Thousands take to Las Vegas streets to call for gun control

(Cherney Amhara/FOX5)

With signs in hand, hundreds of anti-gun protesters have flooded the streets of downtown Las Vegas, not far from the site of the deadliest mass shooting in modern U.S. history last year.

Students turned activists led the March for Our Lives rally Saturday morning at the Smith Center concert hall and then walked to City Hall.

"I want to see a change with the amount of mass shooting's within the US," said Nyssa Silva, a sophomore at Green Valley High School. "I think it's outrageous the amount of students affected by this."

Silva was one of several students leading the march, calling for an end to gun violence.

"I feel rather distracted than safe," said Silva. "I would say I don't know who's going to walk through the door all the time."

The student demonstrators were joined by hundreds of others in the community rallying and reminding people that they may be young, but their cause isn't child's play.

"We're just kids, but we're the future generation," said Alessandra Quintanilla, Valley High School Student. "We should be given the right to have a voice, and to say our point."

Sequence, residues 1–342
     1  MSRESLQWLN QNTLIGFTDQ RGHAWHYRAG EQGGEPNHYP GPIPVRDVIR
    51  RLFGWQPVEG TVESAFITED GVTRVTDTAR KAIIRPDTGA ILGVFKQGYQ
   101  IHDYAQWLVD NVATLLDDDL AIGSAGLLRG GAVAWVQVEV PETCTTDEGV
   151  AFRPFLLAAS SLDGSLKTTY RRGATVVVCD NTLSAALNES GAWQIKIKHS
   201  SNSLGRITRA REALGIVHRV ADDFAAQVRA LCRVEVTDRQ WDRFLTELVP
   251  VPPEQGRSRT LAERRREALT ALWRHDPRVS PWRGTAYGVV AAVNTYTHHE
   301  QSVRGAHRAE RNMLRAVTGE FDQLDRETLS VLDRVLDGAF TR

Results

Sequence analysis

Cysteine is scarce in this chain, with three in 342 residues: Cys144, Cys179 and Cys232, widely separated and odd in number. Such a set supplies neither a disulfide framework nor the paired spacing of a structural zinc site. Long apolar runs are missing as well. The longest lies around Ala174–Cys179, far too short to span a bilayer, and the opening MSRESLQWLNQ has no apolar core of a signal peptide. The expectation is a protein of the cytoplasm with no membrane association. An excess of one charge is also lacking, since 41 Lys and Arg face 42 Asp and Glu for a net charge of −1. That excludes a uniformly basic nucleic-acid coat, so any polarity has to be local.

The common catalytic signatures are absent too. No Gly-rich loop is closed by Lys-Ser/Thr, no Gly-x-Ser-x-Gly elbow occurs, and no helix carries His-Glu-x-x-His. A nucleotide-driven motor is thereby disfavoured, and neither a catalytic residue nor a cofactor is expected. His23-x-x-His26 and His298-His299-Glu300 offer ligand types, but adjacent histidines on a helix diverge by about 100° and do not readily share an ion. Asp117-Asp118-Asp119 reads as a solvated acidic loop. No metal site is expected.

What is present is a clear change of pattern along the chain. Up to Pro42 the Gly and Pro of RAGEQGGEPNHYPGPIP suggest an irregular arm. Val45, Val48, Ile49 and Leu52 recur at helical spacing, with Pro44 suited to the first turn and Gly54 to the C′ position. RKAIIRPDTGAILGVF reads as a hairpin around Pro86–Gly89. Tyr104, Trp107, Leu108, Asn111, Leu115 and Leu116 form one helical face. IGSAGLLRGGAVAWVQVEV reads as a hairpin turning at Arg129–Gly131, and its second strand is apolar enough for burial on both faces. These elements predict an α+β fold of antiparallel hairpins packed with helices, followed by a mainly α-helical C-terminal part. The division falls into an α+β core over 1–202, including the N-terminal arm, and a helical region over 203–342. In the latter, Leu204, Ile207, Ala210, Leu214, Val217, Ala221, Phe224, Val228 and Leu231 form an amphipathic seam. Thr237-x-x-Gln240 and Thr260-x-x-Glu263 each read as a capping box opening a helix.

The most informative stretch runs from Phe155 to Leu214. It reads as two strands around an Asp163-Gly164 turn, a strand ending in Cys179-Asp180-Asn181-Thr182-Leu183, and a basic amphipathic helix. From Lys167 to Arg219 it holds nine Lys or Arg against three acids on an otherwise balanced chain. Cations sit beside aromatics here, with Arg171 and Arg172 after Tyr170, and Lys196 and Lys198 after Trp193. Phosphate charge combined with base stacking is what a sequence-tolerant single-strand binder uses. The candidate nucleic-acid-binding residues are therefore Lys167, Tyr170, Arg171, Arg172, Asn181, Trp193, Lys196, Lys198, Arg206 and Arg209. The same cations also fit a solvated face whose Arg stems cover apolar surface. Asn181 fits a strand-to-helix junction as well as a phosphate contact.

For some that point meant stricter gun control laws.

"There are many solutions that congress hasn't taken on a state and national level," said one student. "That includes banning assault weapons, that includes expanding background checks and stopping the militarization of police."

But not everyone at the rally believed gun control will stop the violence.

"Gun's don't kill, I mean it's people," said Philip Bouchard, a Verde High School student. "We have a huge parenting problem in this country, it's definitely the parents fault, because they're not raising their kids correctly, and we know that because this wasn't happening in the last decade."

Survivors the Oct. 1 shooting at a country music festival on the Vegas Strip that killed 58 people were also in the crowd.

The student organizers of the Las Vegas demonstration say they were inspired by high school students in Parkland, Florida, who turned their own mass shooting last month into a call for action.

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